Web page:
NIST scientists have designed a quantum-based vacuum gauge called a cold atom vacuum system (CAVS) that eliminates many of the problems with conventional gauges while delivering much lower measurement uncertainties.
CAVS, which is both a primary standard and absolute sensor of vacuum, consists of an enclosure that is attached to the side of, and open to, a chamber with the vacuum environment of interest. CAVS contains on the order of 1 million ultra-cold alkali atoms suspended in a trap, which fluoresce when excited by a laser beam. The trapped atoms interact with the gas in the vacuum chamber, principally hydrogen molecules, that remains after the chamber is pumped down to ultra-high (< 10-6 Pa) or extreme-high (< 10-10 Pa) vacuum.
Every time a trapped atom is struck by one of the molecules from the vacuum chamber, the collision kicks the cold atom out of the trap and into the chamber, decreasing the amount of fluorescent light emitted. A sensor records the dimming. The faster the light dims, the more molecules are in the vacuum chamber, making the fluorescence level a sensitive measure of pressure. This relationship between the rate of dimming and the number of molecules is predicted by quantum mechanics, which makes the device an intrinsically accurate standard.
The conventional technology for measuring and controlling high vacuum typically relies on an ionization gauge placed inside the vacuum chamber. Electrons emitted by a heated filament ionize ambient atoms remaining in the chamber. The resulting ion current passes to a collector. The magnitude of that current varies directly with the number of atoms in the chamber. Conversely, the lower the current, the higher the vacuum.
However, ionization gauges require periodic recalibration and are not compatible with the modern version of the International System of Units (SI). CAVS, by contrast, produces measurements that are intrinsically accurate. No calibration is required.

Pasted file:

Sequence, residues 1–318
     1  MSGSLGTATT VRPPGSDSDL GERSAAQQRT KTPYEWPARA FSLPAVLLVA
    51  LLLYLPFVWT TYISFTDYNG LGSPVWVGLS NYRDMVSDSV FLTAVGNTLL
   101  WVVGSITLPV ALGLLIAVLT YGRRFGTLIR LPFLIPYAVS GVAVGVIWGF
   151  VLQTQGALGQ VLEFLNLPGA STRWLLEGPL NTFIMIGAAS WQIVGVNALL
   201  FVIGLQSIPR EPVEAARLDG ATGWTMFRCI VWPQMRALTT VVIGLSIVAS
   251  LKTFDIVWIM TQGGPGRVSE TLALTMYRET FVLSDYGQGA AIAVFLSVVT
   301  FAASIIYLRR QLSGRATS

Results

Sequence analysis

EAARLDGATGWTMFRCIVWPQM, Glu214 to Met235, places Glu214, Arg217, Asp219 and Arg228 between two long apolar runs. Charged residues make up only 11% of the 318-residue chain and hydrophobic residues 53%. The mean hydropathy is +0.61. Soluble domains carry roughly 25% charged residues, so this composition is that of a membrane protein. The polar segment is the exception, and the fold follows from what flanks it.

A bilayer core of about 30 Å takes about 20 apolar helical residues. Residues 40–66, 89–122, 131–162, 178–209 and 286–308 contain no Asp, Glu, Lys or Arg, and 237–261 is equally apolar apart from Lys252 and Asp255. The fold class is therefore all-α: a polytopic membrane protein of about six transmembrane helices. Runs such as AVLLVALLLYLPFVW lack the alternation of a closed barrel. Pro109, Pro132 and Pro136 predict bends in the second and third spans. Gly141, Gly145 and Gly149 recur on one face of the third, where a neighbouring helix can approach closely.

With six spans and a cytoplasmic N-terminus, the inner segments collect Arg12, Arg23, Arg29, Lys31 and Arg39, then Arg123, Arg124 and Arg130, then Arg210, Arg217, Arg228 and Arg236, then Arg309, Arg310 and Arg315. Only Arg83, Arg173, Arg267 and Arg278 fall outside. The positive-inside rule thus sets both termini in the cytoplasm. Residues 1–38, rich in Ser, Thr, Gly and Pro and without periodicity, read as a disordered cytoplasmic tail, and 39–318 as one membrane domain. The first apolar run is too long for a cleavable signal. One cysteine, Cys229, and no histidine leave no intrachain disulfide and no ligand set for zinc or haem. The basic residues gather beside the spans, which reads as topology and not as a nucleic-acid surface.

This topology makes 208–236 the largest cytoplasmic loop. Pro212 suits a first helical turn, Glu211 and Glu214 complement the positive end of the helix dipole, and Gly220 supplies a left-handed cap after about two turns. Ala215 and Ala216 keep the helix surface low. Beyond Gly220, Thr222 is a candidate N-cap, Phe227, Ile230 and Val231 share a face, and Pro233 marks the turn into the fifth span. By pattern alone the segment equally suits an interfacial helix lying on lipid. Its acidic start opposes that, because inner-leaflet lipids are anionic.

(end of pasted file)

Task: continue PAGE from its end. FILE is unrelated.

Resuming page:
Numerous industrial processes depend on high vacuums, including depositing scratch-resistant coatings on materials such as eyeglass lenses, manufacturing pharmaceuticals, molding plastics, constructing components of aircraft, and testing instruments destined for use on satellites.
Perhaps no commercial process requires higher vacuum conditions than the fabrication of microelectronics, where devices inside vacuum chambers lay down successive layers of chemicals often only a few atoms thick. That process must be as free as possible of contaminants.
Those and many other processes could benefit from an intrinsically accurate primary vacuum standard.
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J. Scherschligt, J.A. Fedchak, Z. Ahmed, D.S. Barker, K. Douglass, S. Eckel, J. Hendricks, N. Klimov, T. Purdy, J. Ricker, R. Singh and J. Stone. Quantum-based vacuum metrology at NIST. Journal of Vacuum Science & Technology A. June 20, 2018. DOI: 10.1116/1.5033568
E. Norrgard, D. Barker, J. Fedchak, N. Klimov, J. Scherschligt and S. Eckel. A 3D-printed alkali metal dispenser. Review of Scientific Instruments. May 1, 2018. DOI: 10.1063/1.5023906
S. Eckel, D.S. Barker, J.A. Fedchak, N. Klimov, E. Norrgard, J. Scherschligt, C. Makrides and E. Tiesinga. Challenges to miniaturizing cold atom technology for deployable vacuum metrology. Metrologia. Sept. 14, 2018. DOI: 10.1088/1681-7575/aadbe4